Now ask yourself, what is the turnaround time (minutes, hours, days, months) for your current data analytics & reporting projects? And, how many employees need to put time towards these current projects? This is how you need to approach your valuation. With a new analytics platform, will you be able to deliver actionable insights quicker and with less manpower than with previous tools? And, can a new platform be leveraged by more departments (or users) within your organization vs. your current tools/analytics processes?
For many companies switching from outdated or homegrown analytics, it's common to discover they can easily dilute the costs of a new data analytics platform simply due to improved cross-departmental accessibility and more efficient turnaround times to their current analytics & reporting projects.
An often-overlooked factor in total cost of ownership (TCO) is the time it takes to build, implement and deploy a solution to the users across an organization. While building a custom homegrown solution can appease those in your organization that feel like your business’s quirks are in fact “unique” to only your business, it can lead down the path of constant maintenance and accountability on your internal resources. That maintenance may not just be “fixing the plumbing” as it can be major strain on resources to constantly train and troubleshoot problems for users too.
An Equation for Data Analytics Total Cost of Ownership
Now that we’ve talked about assessing what the costs & value a new data analytics and reporting platform can have on your organization, lets walk through some rough math that you can use during your evaluation process.
- The cost of the platform?
- The average full-time salary it costs to manage the new platform?
- The number of full-time people required for constant upkeep and maintenance?
- The costs related to upkeep, upgrades, etc.?
- The percentage of time allotted to managing this platform? (ex. 25% of their time at work, 50%, 100%, etc.)
As an exercise, we will venture that a new platform will cost $25 dollars per year (stay with me), it will require 2 Full-Time Employees who make $75k annually, 50% of their time will be dedicated to leveraging the platform but it will cost $0 dollars to manage maintenance and upgrades annually.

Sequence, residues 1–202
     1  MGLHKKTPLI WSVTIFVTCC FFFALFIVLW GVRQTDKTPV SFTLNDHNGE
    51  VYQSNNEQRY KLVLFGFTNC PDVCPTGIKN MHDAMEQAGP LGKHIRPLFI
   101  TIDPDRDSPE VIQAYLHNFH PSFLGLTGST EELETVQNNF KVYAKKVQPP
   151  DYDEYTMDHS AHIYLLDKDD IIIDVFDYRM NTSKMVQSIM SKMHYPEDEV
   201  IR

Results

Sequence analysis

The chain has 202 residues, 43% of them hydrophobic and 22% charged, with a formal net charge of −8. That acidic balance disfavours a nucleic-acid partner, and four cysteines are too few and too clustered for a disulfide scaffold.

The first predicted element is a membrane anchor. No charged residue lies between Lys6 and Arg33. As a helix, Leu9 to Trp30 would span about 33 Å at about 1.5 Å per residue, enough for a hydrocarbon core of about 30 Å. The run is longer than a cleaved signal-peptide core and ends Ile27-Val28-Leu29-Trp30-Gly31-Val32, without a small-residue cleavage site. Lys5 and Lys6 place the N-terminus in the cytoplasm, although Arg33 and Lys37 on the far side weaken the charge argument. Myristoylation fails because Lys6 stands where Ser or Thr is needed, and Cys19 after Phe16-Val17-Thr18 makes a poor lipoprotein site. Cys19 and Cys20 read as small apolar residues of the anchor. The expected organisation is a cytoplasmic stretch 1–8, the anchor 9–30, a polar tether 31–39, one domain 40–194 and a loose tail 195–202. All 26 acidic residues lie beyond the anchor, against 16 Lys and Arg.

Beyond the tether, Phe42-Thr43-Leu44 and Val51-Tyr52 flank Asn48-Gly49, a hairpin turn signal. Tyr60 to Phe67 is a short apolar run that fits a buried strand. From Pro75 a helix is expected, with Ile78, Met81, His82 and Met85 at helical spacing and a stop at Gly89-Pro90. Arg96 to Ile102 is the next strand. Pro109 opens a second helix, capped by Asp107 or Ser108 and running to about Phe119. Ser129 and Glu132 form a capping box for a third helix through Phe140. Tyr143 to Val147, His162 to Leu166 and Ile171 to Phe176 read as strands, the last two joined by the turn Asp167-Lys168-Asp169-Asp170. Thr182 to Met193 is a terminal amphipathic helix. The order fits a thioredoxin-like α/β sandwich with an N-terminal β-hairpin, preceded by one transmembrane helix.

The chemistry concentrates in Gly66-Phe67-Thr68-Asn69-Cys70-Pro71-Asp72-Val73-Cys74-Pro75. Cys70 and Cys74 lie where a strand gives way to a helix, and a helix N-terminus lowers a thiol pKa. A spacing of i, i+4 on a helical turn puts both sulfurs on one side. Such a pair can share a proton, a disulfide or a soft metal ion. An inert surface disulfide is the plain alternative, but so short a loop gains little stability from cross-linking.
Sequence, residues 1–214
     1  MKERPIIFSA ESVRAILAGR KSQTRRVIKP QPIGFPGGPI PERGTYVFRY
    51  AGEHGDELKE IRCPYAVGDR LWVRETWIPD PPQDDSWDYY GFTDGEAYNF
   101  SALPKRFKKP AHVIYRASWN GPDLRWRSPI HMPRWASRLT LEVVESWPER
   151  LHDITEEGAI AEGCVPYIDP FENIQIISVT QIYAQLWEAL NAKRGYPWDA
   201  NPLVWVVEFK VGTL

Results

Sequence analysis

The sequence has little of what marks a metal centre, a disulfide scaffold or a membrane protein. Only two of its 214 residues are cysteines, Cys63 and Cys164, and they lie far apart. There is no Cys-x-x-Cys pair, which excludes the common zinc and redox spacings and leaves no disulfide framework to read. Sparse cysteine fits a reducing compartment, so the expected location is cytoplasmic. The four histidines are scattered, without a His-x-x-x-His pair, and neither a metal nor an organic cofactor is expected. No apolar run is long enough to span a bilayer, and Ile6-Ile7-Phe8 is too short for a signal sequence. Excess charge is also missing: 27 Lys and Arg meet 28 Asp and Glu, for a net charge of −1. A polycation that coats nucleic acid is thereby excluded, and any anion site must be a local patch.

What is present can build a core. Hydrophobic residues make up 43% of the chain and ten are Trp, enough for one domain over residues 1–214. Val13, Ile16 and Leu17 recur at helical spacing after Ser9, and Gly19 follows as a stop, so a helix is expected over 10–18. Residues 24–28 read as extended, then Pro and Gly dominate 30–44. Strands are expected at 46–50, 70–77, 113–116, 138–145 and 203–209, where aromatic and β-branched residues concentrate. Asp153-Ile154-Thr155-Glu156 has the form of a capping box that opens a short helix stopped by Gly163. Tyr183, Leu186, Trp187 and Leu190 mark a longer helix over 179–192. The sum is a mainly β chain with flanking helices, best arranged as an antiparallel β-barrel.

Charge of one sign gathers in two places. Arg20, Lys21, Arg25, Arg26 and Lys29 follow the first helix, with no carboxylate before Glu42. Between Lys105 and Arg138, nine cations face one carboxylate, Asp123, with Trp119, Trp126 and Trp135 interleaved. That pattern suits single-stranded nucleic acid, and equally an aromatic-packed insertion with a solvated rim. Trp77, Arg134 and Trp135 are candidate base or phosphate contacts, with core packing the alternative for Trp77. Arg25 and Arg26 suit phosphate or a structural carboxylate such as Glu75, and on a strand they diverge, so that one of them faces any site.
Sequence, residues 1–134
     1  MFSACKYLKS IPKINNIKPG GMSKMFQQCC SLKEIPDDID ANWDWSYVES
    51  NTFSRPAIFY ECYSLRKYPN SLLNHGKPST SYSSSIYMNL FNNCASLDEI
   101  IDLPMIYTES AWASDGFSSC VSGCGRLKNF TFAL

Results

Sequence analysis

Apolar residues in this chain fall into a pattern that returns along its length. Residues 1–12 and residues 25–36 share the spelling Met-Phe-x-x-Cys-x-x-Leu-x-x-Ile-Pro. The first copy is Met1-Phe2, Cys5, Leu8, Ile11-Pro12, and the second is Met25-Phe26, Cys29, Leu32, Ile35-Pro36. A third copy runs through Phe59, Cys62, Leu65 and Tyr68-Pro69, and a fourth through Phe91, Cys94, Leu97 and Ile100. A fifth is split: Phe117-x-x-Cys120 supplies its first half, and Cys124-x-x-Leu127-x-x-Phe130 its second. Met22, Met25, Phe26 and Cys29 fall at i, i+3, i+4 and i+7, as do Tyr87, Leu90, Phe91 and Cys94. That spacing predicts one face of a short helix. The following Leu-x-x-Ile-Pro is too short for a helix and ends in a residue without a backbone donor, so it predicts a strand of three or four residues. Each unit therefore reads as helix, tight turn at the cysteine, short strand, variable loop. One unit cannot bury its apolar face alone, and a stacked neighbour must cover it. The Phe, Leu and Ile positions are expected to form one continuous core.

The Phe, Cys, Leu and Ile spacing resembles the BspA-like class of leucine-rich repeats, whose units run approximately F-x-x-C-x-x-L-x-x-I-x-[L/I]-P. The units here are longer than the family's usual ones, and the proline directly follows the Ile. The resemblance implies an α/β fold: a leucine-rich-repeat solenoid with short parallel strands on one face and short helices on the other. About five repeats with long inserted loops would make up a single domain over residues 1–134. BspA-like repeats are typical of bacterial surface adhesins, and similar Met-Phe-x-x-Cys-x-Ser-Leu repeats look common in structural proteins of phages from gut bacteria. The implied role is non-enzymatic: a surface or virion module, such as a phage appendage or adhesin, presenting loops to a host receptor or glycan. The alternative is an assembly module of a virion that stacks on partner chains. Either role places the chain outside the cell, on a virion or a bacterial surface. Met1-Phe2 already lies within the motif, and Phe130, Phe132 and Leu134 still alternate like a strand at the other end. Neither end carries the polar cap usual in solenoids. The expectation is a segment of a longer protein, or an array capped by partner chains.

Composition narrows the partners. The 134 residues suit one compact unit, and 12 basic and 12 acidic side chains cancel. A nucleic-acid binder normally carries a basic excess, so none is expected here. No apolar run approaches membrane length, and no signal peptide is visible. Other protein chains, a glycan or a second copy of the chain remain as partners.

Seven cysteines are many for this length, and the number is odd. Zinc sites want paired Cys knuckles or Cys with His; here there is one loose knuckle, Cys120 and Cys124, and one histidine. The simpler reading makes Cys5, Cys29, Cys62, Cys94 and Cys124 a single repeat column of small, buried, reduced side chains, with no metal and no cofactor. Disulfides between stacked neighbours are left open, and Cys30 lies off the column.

- (2 x $75,000 x 50%) + $25 + $0 = TCO of $75,025/year
A slightly more complicated follow-on to this can also be assessing the number of projects you will be able to complete by leveraging this new software. This approach can help you determine the broader value/cost of analytics on your multiunit enterprise.
Let’s say your current tool allows you to generate 1 project per week for one department (52 projects/ year) but because your potential new platform will be accessed by more teams (ex. Operations, Marketing & Loss Prevention) your bare-minimum benchmark is 3 projects per week (156 projects/year).
Divide your annual required costs by the # of projects you anticipate will be able to be completed with a new data analytics & reporting platform. You can use this number to judge various data analytics solutions or vendors.
- $75,025/156 = $481 per project
While much of this can feel daunting and even somewhat convoluted, it’s the level of due diligence you should put into purchasing or switching to a new data analytics platform. You can use these concepts and/or equations to even simply judge what your current processes and tools are costing your business today because maybe you’re already overpaying for your data analytics & reporting needs.
Want to learn more about what it takes to successfully launch a data analytics & reporting platform? Hear directly from Agilence customer SpartanNash supermarkets as they walk you through their steps for a successful analytics rollout in our on-demand webinar recording.